The African Criminal Court pp 187-202

Part of the International Criminal Justice Series book series (ICJS, volume 10)

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Complementary Jurisdiction (Article 46H)

Chapter

Abstract

The jurisdictional relationship between African states and the African Court of Justice and Human and Peoples’ Rights and between the latter Court and the International Criminal Court is not entirely clear. While the Malabo Protocol (Annex) has borrowed the complementarity principle from the Rome Statute, the Protocol does not indicate that states’ investigations or prosecutions should be genuine, in order to render a case inadmissible. Moreover, the Malabo Protocol (Annex) is completely silent on the African Court’s relationship to the International Criminal Court. This chapter first discusses whether the leaving out of the term “genuinely” bears any consequences on the assessment of the quality of the performance of states in respect of investigation and prosecution of international crimes. Next, it considers two alternative scenario’s—one in which the International Criminal Court is hierarchically superior to the African Court of Justice and Human and Peoples’ Rights and one in which both courts cooperate as equal partners. The author concludes that the latter model would be feasible if the International Criminal Court and the African Court of Justice and Human and Peoples’ Rights move towards a “division of labor”.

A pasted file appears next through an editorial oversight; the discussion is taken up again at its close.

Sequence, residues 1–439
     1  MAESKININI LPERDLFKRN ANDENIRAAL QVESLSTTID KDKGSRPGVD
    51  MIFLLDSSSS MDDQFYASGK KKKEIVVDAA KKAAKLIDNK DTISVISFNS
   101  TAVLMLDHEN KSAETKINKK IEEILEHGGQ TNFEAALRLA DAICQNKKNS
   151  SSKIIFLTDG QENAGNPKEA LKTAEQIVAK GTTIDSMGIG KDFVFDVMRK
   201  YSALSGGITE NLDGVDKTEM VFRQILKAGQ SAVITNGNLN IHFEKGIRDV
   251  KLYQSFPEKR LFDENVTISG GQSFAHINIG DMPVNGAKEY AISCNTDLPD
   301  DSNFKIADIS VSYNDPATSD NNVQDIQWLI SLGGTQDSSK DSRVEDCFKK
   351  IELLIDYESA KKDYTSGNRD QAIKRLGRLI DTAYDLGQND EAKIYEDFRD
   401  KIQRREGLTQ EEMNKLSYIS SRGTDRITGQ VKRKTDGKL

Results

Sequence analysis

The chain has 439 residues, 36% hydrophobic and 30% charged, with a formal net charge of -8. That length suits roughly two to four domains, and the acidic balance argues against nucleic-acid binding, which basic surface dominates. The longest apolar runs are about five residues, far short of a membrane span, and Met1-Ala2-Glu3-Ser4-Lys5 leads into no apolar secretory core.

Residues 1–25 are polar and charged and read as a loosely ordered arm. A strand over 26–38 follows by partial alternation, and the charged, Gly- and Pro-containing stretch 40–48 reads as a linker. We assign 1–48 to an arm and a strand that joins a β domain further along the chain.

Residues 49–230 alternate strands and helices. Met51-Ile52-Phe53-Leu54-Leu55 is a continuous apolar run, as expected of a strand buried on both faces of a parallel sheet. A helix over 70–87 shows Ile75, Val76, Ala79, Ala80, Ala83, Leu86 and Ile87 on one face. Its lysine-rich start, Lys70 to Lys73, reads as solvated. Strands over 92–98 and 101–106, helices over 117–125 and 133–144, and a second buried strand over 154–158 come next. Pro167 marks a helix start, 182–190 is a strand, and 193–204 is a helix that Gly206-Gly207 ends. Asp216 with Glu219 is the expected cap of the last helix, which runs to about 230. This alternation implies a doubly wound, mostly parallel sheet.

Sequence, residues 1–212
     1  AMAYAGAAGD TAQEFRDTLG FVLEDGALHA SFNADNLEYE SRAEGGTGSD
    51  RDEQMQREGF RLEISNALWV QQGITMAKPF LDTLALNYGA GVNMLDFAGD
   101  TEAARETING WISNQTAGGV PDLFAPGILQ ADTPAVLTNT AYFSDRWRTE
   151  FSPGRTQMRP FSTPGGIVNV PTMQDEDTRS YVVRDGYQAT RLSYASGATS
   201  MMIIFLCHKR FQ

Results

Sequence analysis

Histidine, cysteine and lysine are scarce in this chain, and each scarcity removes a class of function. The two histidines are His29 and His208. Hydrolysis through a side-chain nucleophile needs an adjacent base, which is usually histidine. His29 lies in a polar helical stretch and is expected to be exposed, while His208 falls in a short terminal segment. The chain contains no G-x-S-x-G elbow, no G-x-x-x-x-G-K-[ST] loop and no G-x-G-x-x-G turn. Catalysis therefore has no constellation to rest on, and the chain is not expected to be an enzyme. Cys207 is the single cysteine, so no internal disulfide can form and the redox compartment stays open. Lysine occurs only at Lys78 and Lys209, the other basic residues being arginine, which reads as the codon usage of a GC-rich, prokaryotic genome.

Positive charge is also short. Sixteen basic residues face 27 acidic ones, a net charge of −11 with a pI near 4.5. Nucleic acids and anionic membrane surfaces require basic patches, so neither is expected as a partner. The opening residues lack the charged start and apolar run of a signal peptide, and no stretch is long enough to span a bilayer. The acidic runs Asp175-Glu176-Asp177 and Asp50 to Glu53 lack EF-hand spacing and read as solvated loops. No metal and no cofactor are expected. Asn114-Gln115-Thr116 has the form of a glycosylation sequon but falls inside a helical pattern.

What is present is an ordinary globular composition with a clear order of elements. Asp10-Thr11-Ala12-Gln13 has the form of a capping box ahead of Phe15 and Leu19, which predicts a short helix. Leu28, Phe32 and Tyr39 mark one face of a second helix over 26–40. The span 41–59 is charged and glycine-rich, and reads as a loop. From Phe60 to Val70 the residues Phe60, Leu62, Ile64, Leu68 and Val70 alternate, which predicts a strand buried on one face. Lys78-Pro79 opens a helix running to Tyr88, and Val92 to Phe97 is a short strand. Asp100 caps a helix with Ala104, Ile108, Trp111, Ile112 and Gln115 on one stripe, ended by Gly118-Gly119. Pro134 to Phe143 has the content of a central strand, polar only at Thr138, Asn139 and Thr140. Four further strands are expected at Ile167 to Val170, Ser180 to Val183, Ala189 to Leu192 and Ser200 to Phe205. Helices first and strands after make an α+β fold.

Keywords

Africa African Union African Court of Justice and Human and Peoples’ Rights International Criminal Court complementarity “genuinely” cooperation 

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Copyright information

© T.M.C. Asser press and the authors 2017

Authors and Affiliations

  1. 1.University of AmsterdamAmsterdamThe Netherlands

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